Tear up the economic rule book. This pandemic calls for radical intervention | Ed Miliband | Opinion

The coronavirus pandemic has shown us all in just a few days how fragile our way of life really is. Basic certainties about our health, that of our loved ones and our normal way of life can no longer be taken for granted. Our sense of anxiety is real and understandable.

In these new circumstances, the most important and hardest thing for government is to not cling to old certainties about the way things should be done, but to tear up the rulebook. That is what we have started to see in the last few days when it comes to public health measures. There is now a desperate urgency that this scale of action is matched by the government’s economic response. We are not there yet – not by a long way.

No individual, business, worker or charity must be left to bear the risk and consequences of the economic impact on their own. A pandemic is the ultimate collective action problem: we are in this together and it must be managed collectively by government.

We cannot say to our pubs, small businesses, cinemas, theatres that we want them empty and then leave them and their employees to face the consequences. If we do, we will face bankrupt businesses and laid-off workers at a scale that will cause misery and hardship throughout our country.

Nor can we leave all the other businesses affected to fend for themselves. We cannot say to the 5 million self-employed people that if they have no work or get sick, they must face the consequences alone. Nor can we say to the millions of workers who live pay cheque to pay cheque that £93.50 a week statutory sick pay is enough to get them through.

This crisis reveals some of the gaping holes in our social safety net. It is both right in principle and necessary for the public health measures to mend those holes at speed. If we want people to self-isolate if they have symptoms, or if someone in their family does, we need to make it economically possible for them to do so.

First, we need action at a scale that is commensurate with the economic costs of the crisis. While estimates are hard to make, the loss in demand that is likely to occur will, without action, cause a very deep recession. France’s president, Emmanuel Macron, has made available support that amounted to hundreds of billions of euros of help. Given how quickly the crisis is moving, last Wednesday’s budget provided only a fraction of what is required.

Second, we need action at speed. A crucial test of any new measure proposed is how quickly it can have an effect. It takes much longer than you might think to design new systems of payments or support. Workers and businesses need help in days not months.

Third, we need scope of action that covers all at-risk workers and businesses. Ireland has shown what is possible with a new special unemployment insurance payment. Denmark has gone further with its government guaranteeing 75% of wages for private sector workers who would otherwise be made redundant. Given that we expect this crisis to be temporary, we need to keep workers attached to their firms if at all possible.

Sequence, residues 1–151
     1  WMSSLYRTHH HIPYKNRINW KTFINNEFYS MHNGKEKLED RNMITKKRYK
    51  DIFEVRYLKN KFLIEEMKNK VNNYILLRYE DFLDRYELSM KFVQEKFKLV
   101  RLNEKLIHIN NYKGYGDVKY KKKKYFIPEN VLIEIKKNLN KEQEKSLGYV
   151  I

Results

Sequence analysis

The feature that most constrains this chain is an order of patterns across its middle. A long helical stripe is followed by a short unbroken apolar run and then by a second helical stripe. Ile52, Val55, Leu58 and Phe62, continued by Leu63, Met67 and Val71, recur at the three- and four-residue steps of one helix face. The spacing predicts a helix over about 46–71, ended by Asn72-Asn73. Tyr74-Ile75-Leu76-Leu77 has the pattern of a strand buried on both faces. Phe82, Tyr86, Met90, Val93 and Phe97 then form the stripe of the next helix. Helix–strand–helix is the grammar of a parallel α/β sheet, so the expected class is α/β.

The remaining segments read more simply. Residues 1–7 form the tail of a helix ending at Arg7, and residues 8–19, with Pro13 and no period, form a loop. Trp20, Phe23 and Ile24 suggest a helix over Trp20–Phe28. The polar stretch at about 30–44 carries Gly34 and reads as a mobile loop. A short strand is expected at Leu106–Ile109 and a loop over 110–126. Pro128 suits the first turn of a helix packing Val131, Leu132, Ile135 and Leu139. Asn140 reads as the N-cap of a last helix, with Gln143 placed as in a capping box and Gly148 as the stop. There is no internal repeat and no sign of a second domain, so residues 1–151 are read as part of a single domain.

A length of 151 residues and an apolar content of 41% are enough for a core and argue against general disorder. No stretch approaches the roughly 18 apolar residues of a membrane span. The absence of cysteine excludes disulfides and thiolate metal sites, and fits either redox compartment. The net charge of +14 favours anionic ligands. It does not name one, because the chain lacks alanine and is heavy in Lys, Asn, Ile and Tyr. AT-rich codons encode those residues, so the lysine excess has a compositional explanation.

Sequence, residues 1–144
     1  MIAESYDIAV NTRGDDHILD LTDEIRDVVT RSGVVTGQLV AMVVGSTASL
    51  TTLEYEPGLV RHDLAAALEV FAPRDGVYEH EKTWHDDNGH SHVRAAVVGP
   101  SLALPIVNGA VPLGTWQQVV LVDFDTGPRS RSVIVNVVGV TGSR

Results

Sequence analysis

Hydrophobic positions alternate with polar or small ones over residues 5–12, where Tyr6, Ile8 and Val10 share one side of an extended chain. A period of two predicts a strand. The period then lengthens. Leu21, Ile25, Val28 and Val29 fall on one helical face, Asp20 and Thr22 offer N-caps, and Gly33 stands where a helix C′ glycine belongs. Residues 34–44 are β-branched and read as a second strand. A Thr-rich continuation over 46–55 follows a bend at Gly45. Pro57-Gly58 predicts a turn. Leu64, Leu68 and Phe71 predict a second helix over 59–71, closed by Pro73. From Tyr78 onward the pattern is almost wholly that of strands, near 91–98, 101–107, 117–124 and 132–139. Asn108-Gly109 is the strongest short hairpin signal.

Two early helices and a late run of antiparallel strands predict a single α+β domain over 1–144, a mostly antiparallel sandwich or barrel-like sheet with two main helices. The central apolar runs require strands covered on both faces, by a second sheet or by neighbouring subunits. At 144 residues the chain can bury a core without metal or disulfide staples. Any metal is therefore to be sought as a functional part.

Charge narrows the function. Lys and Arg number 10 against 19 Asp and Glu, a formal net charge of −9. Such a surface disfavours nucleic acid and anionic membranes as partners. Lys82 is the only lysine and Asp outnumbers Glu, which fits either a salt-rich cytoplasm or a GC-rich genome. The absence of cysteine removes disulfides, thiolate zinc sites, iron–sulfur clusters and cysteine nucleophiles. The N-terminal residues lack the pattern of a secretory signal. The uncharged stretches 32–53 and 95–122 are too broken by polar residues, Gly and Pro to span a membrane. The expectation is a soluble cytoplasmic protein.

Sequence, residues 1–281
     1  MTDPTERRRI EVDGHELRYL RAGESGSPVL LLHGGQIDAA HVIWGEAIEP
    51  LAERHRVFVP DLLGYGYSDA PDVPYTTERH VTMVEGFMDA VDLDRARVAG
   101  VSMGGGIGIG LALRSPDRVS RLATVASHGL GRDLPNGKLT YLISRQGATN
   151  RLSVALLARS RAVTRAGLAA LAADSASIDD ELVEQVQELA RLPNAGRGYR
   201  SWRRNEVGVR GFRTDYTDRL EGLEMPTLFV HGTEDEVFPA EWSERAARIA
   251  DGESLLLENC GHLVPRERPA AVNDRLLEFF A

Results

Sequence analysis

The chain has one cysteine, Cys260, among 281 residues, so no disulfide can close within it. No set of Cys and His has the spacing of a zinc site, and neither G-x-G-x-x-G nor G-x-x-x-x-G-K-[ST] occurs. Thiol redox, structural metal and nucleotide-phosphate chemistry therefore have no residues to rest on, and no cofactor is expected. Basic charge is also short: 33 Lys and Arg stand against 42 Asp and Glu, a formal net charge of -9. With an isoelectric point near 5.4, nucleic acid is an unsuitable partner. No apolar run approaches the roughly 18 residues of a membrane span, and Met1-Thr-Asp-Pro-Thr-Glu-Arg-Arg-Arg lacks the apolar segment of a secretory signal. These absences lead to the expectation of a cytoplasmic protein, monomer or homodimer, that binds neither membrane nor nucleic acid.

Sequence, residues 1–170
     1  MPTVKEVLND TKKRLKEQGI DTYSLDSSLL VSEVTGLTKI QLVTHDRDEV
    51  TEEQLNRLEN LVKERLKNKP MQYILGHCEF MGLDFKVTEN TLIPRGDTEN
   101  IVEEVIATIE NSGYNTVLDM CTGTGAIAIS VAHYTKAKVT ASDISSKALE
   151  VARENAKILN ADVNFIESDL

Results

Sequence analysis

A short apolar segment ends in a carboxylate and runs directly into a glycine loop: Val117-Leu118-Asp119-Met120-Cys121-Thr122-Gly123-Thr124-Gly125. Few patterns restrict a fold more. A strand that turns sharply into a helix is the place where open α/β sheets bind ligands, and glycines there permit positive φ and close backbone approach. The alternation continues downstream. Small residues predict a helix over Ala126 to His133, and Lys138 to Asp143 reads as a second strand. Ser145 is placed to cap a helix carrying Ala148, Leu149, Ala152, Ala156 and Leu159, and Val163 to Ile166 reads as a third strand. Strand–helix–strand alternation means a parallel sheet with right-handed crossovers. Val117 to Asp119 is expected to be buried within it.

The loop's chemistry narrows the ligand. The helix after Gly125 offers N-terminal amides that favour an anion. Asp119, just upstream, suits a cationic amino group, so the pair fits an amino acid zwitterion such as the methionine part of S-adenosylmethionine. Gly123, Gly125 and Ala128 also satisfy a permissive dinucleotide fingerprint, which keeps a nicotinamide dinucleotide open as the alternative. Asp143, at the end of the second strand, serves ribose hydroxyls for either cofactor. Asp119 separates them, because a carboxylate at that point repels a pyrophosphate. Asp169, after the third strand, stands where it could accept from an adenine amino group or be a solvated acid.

In the interests of scale, speed and scope, we should turn statutory sick pay into employment retention pay, available to all those workers whose businesses have had to cease their activities or substantially reduce them as a result of the crisis – not just to those workers who are sick. It should be paid at a substantially higher level than now to enable families to make ends meet, either as a flat rate payment or a proportion of previous earnings, say 75%, up to a cap, as in Denmark.

There are different ideas for supporting the economy, including a temporary universal basic income, and nothing should be ruled out. But as the Resolution Foundation has suggested, employment retention pay has the virtue that the mechanism to make this payment already exists, it will cover all employed workers affected by the crisis, and it will cover a substantial proportion of employer costs. It will keep families afloat and prop up demand, helping businesses.

The government would essentially be acting as a guarantor for a portion of the wages for all those businesses affected by the crisis and unable to operate. Such action would be radical, but it is necessary.

Clearly, however, it does not cover the self-employed. Just because people work for themselves, they should not be left on their own. Here we need to fix the fact that universal credit at £73 a week is simply not enough for many people to live on and risks deepening the drop in demand. The crisis has shone a light on this fact. Universal credit needs to be substantially increased and available immediately, to help the individuals concerned and prop up the economy.

Finally we need to support businesses and charities in the costs they face over and above the costs of their workers. At the very least, we need a generous interest-free loan system to keep them afloat, but this could leave them debt-burdened when we emerge from the crisis. In France, businesses are being allowed to suspend rent payments and payments for gas and electricity.

Of course, there are substantial costs involved with all these measures. But it is absolutely necessary to act. If we do not, there will not just be millions of people who will face poverty and hardship, to add to the health consequences of the pandemic, but it will lead to long-term economic effects, from which it will take years to recover. Further action may also be necessary as well as these immediate measures.

This is a moment that tests our political leadership. We need imagination, compassion and action. There is not a moment to lose.

Ed Miliband is the Labour MP for Doncaster North

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